Enjoy saucy, rich-tasting gorgonzola gnocchi without the cream with this simple recipe. Lightened up a bit but not lacking in flavor, this easy meal includes fresh spinach and can be on the table in under 40 minutes.
There are two things I know about Gorgonzola. For one, it was part of the havoc rained upon the town of Chewandswallow in Cloudy with a Chance of Meatballs (one of my childhood favorites). And two, Gorgonzola gnocchi is a very popular frozen meal at Trader Joe's.
I've had that gnocchi and enjoy it, but wanted to see about making a homemade version with more oomph. And more oomph there is.
This recipe for gnocchi with creamy Gorgonzola sauce not only has more flavor, but is made without any cream for a lighter take on comfort food.
Reasons to Love Gorgonzola Gnocchi
- No heavy cream: This flavorful and creamy Gorgonzola pasta sauce is made with a simple roux with 1 or 2% milk and reduced-sodium chicken broth. You won't believe there's no cream!
- Big flavor: Are you a big fan of Trader Joe's frozen Gnocchi al Gorgonzola but wish it had more Gorgonzola flavor? This homemade version allows the Gorgonzola to shine.
- Super saucy: I don't skimp on sauce -- there's a generous amount allotted per portion, leaving room for you to add leftover cooked chicken, more veggies, etc.
- Gnocchi: I use the shelf-stable kind found in the dry pasta aisle. Do not prepare them per package instructions (boiling), rather this recipe pan toasts them for extra flavor and never-mushy texture.
- Olive Oil: This is used to toast the gnocchi and acts as half of the cooking fat required to form the roux (you don't always have to use butter!).
- Butter: One tablespoon for the roux.
- Garlic: Mince the garlic not-so-finely so it doesn't risk burning. I leave my garlic press in the drawer when I make Gorgonzola gnocchi.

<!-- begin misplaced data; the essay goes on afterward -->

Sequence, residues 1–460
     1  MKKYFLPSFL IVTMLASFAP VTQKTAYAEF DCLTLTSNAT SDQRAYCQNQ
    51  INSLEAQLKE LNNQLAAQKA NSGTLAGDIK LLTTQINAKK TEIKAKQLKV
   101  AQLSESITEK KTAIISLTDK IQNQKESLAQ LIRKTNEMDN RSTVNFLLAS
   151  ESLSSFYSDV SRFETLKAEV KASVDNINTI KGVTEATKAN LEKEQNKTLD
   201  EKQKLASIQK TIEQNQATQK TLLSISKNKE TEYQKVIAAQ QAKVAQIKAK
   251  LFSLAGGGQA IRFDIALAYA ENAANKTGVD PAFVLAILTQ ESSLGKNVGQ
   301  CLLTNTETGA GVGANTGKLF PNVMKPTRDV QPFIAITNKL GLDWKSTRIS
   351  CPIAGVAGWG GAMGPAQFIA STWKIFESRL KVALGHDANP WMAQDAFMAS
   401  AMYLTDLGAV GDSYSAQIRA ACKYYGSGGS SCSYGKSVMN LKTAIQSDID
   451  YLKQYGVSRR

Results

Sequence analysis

- Flour: Two tablespoons are all you need to thicken this sauce beautifully.
- Broth: Vegetable would work, though I prefer the flavor that chicken broth provides.
- Milk: I've tested this recipe with both 1% and 2% and honestly found no difference. 1% tasted just as luxurious.
- Gorgonzola: There are more details on which variety to use below. The kind I like is labeled "crumbly", though it melts easily. Look for a variety aged roughly 90 days to get a good mix of flavor and creaminess.
- Toast the gnocchi - Cook the gnocchi in olive oil until both sides are turning golden-brown. Just open the package and add them right to the pan (no boiling necessary).
- Sauté the garlic - Add the remaining olive oil and butter to a separate pan and briefly sauté the garlic. Season with a pinch of kosher salt and pepper.
- Cook the flour - Add the flour to the pan and move it around with a spatula as it moistens. Cook for 2-3 minutes as it froths up. This cooks off any raw flour taste and ensures a smooth sauce.
- Make the sauce - Whisk in the milk and chicken broth. It'll clump up at first, but go slow and it'll thin out. Cook until the sauce is thick enough to coat the back of a wooden spoon, then stir in the Gorgonzola and sage.
- Combine - Stir in the gnocchi and fresh spinach and cook for a few minutes until the spinach wilts. It's ready to serve.
What Type of Gorgonzola to Buy
Gorgonzola is an Italian blue cheese that comes in two varieties: Dolce and Piccante. Dolce is younger and creamier, while Piccante is bolder tasting and aged from several months upwards to a year.
In my experience shopping in two large U.S. grocery chains, I have yet to find a Gorgonzola that includes its variety explicitly on the label. Instead you get context clues, such as descriptors and age time.
For this creamy Gorgonzola gnocchi, I recommend looking for a variety aged around 90 days as you get a bold-but-not-too-bold flavor and smooth melting, even if it says crumbly on the label. Technically this would be considered a younger Piccante (I went so far as to call the cheese manufacturer to confirm).